HPR: Even though they’re both about telling a good story, with writing crime fiction I can’t make stuff up! A reporter can only tell what actually happened—with crime fiction anything is possible. It’s difficult creating a new world that never existed before.

BH: What do you think about the rise of true crime TV (Snapped, Investigative Discovery Channel)? What do you think draws people to investigative stories, murder and mayhem?

HPR: It’s funny you ask that, my next book Truth Be Told (the Jane Ryland and Jake Brogan series) which goes on sale October 7, features that question—why are people drawn to crime scenes? Why do they watch crime dramas? There are several possible reasons. People want justice, we want order out of chaos, and we like to see the bad guys get what’s coming to them. There is solace and comfort in that.

Also, watching bad things happen to other people makes us feel lucky that we escaped.

BH: Which authors do you read?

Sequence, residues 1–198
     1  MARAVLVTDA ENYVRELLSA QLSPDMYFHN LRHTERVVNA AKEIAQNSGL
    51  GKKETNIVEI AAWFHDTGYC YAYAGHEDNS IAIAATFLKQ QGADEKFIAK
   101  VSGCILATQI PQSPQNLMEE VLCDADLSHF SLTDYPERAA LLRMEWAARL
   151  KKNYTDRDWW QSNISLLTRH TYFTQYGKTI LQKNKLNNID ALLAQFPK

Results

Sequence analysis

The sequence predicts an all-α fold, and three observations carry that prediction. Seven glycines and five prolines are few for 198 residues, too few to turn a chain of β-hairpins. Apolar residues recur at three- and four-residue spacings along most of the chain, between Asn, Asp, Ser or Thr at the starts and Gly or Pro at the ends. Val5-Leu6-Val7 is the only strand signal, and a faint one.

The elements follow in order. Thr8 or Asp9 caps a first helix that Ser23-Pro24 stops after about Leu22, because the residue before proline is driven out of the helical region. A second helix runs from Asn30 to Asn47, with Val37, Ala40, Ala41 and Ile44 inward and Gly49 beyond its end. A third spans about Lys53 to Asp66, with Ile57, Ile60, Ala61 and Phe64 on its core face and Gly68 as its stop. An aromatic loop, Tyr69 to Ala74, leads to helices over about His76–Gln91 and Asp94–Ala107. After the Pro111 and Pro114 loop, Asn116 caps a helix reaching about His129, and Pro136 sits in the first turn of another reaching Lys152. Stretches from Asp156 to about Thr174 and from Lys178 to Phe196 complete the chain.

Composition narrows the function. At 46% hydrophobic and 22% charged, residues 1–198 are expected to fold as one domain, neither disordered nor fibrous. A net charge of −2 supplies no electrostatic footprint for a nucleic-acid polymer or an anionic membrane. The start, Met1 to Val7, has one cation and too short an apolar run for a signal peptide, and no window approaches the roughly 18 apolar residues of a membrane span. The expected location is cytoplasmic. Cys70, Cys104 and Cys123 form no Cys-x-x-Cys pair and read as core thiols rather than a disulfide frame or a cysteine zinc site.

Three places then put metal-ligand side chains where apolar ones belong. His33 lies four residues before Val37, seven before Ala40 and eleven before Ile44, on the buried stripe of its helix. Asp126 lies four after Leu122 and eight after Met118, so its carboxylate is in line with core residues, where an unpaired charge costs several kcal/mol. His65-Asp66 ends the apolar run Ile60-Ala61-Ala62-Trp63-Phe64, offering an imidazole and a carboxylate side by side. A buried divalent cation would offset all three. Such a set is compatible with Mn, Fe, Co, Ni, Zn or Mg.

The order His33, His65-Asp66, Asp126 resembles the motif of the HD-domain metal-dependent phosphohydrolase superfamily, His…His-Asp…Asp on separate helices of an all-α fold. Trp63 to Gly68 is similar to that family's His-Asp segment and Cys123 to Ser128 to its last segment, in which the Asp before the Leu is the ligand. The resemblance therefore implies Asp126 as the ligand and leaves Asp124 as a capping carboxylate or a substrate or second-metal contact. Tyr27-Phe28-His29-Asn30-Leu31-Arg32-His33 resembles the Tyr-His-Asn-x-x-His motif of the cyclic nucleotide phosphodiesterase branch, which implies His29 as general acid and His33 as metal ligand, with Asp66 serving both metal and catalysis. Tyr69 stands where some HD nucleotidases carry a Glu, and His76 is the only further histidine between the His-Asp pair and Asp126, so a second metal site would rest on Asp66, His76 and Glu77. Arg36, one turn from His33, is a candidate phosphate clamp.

HPR: John Lescroart is the king of legal thrillers. I’m in the middle of an advanced reading copy of The Keeper (Lescroart’s latest book) and I’m loving it. His books are compelling, fascinating, and original. He asked me to interview him at the Brookline Booksmith event, which will be one of the joys of my life. I’m thrilled and honored to do it.

BH: For many years you lived in Brookline. What did you like best about this town?

HPR: I grew up in rural Indiana. I couldn’t see another house from my house. Brookline is bustling, it’s accessible, exciting. The shopping, culture, library…it’s a gorgeous city.

--By Jennifer Campaniolo, BrooklineHub

  • «
  •  Start 
  •  Prev 
  •  1 
  •  2 
  •  3 
  •  4 
  •  Next 
  •  End 
  • »
Page 1 of 4

Town of Brookline Survey

Take 5 minutes to fill out a Town of Brookline survey to help make Coolidge Corner and the rest of our commercial areas more vibrant! All responses are confidential. 


Stay Connected, Brookline! cchub Digg: cchub Editor on Facebook Follow Brookline Hub on Pinterest on Facebook Stumble Upon: cchub Twitter: brooklinehub videos from on YouTube

party favors brookline thanksgiving